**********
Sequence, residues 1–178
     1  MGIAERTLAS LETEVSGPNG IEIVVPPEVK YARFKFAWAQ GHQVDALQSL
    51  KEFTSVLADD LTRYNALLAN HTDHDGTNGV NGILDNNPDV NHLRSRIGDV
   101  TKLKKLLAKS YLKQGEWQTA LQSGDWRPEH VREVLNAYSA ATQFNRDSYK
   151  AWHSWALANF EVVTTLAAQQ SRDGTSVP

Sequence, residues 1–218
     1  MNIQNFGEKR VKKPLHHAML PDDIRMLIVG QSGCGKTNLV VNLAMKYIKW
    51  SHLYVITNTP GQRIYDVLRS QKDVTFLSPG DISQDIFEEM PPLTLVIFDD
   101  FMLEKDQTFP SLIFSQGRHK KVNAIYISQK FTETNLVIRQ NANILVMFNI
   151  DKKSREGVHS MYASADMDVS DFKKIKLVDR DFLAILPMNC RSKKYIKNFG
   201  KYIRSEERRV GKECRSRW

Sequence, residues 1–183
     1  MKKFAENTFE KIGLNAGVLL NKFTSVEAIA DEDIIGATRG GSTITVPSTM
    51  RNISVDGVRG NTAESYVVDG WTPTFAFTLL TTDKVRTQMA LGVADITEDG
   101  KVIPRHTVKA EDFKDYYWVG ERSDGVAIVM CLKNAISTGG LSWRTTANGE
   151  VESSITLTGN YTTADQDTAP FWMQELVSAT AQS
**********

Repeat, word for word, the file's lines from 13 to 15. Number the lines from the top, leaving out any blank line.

     1  MKKFAENTFE KIGLNAGVLL NKFTSVEAIA DEDIIGATRG GSTITVPSTM
    51  RNISVDGVRG NTAESYVVDG WTPTFAFTLL TTDKVRTQMA LGVADITEDG
   101  KVIPRHTVKA EDFKDYYWVG ERSDGVAIVM CLKNAISTGG LSWRTTANGE